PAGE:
Robert F. Bukaty, Associated Press
MIDVALE — A bill that passed both houses of the Utah Legislature and an ordinance recently adopted by the Midvale City Council are clearly aimed at curbing panhandling. However, neither HB101 nor Midvale's ordinance directly refer to panhandling.
“This is dealing with a challenge that we’ve seen expanding in the state of Utah," said Sen. Curt Bramble, R-Provo, during Senate debate of HB101.
"It balances First Amendment freedom of speech and all that with the notion of public safety.”
Meanwhile, Midvale's ordinance prohibits "the unsafe transfer of money or other personal property in a roadway."
Midvale City Attorney Craig Hall said the ordinance attempts to address individuals entering roadways to accept money or other considerations.
"The ordinance has nothing to do with free speech. The ordinance has everything to do with the transfer of money between an individual and a driver or individuals in a vehicle on a roadway not intended to be a parking spot," he said.
Stopping at a stoplight or stop sign is not considered a legal parking place, he said.
"If an individual wants to pull over to the side of the road where it is appropriate to park and stop, they can exchange all the money they want," he said.
The ordinance says these transfers of money and personal property create traffic "delays, vehicle idling and air pollution and motorist frustration, annoyance, anxiety and aggressive behavior."
The city seeks to create a public atmosphere that "promotes the public's health, safety and general welfare."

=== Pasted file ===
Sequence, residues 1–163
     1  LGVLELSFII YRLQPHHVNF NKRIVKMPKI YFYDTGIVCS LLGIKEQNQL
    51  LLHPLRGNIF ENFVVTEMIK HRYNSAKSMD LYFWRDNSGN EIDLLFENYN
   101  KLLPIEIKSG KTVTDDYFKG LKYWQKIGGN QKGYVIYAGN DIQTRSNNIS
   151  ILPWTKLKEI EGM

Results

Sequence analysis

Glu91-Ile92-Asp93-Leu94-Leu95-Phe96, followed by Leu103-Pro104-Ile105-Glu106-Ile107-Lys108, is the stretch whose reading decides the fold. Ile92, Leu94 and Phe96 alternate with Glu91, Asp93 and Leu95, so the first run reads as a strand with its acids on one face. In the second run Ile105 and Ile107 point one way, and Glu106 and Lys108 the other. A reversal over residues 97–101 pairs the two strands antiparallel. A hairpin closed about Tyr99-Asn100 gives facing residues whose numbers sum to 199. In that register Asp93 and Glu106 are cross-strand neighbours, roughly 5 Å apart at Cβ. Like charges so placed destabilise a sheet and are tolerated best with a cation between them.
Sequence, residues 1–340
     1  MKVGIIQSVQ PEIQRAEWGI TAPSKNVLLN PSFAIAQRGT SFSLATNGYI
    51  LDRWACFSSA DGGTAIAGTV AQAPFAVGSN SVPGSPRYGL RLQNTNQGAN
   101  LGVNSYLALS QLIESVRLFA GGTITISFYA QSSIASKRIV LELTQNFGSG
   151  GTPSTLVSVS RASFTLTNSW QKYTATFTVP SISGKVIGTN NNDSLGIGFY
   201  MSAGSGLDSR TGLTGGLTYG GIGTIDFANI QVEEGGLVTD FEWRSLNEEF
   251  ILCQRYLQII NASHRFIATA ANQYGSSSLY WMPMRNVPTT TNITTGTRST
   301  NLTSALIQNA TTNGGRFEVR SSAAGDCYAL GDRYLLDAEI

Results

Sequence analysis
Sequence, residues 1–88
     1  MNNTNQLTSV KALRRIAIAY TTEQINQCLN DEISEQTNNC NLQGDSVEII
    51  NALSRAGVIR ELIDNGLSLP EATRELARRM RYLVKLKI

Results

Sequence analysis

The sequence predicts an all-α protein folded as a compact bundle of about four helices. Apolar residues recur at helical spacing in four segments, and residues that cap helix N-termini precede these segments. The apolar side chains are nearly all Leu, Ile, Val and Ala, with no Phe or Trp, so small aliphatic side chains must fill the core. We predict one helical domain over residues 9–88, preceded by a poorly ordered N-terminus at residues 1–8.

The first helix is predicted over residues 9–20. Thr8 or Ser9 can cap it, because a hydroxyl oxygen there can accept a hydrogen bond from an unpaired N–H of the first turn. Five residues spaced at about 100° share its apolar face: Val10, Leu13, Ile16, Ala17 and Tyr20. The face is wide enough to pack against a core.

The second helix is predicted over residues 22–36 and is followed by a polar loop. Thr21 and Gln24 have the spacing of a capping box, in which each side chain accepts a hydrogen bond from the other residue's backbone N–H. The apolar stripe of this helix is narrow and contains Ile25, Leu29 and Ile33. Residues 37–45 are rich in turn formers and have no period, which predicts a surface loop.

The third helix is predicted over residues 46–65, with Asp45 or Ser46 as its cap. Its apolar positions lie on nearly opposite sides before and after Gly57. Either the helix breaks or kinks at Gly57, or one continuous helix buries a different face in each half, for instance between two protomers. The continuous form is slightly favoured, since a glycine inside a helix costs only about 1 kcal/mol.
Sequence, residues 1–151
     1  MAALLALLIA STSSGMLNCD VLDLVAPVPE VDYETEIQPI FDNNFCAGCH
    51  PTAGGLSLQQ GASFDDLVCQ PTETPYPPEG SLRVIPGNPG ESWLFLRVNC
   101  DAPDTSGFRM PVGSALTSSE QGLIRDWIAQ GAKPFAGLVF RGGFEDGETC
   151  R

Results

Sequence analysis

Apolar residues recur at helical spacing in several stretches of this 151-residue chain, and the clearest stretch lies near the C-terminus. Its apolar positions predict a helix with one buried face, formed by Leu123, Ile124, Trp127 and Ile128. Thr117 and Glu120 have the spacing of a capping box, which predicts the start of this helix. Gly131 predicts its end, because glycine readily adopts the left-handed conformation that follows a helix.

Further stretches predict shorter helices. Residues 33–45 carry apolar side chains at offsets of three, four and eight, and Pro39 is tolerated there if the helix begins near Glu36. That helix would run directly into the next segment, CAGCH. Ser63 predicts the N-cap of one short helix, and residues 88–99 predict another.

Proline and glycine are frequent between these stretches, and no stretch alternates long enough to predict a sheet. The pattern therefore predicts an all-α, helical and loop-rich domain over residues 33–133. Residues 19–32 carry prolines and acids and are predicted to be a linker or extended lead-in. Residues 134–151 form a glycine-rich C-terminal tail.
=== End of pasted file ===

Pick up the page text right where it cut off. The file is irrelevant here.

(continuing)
In some areas of Midvale, particularly 7200 South and I-15 and in the vicinity of the Family Center, people frequently enter the street to collect donations being offered to them, Hall said.
"At 7200 South and I-15, we've had numerous near misses, accidents and injuries when individuals attempt to get money through the (car) windows. They're out there in the middle of lanes, out there in the middle of the street," he said.
While a former state law was overturned on constitutional grounds, Hall said he believes the Midvale ordinance was carefully crafted to focus on public safety. It was patterned after an ordinance in Provo, which thus far has not been challenged.
"As an experienced city attorney, I would anticipate somebody pushing back. That's why we held the public hearing. We noticed it and nobody came (to the public hearing)," he said.
The ordinance will not be enforced immediately, he said. The city prosecutors office and the Unified Police Department will first educate the public about the ordinance and ask for their cooperation.
"We're not just going to say "Oh by the way, here's your ticket.' That's not fair to them," he said.
Violations of the ordinance can be prosecuted as Class C misdemeanors, which are punishable by fines and up to 90 days in jail, although Hall said it is doubtful jail sentences would be imposed.
Provo has issued about 17 citations since its ordinance went into effect about six months ago. It proved particularly helpful during the holiday shopping season, Hall said.
Now that Midvale has led out on this issue, Hall said he believes other cities in Salt Lake County may follow suit with their own ordinances.
Nielson's bill narrowly passed out of committee, amid questions whether it met constitutional muster. But the bill readily passed in both houses of the Legislature.
Attorney Stewart Gollan of the Utah Legal Clinic, who successfully challenged Utah's previous law, did not return telephone calls seeking comment on either the newly adopted ordinance or HB101.
Gollan said an earlier draft of HB101 could pose constitutional concerns depending on how it was enforced.
The latest version of the bill prohibits people from conduct that impedes or blocks traffic on state roads, prohibits people from aggressively soliciting good or money 10 feet from an automated teller machine or entrance to a bank.
The amended bill does not, however, prohibit “temporary, spontaneous demonstrations" such people spilling into a street to celebrate a sports victory.
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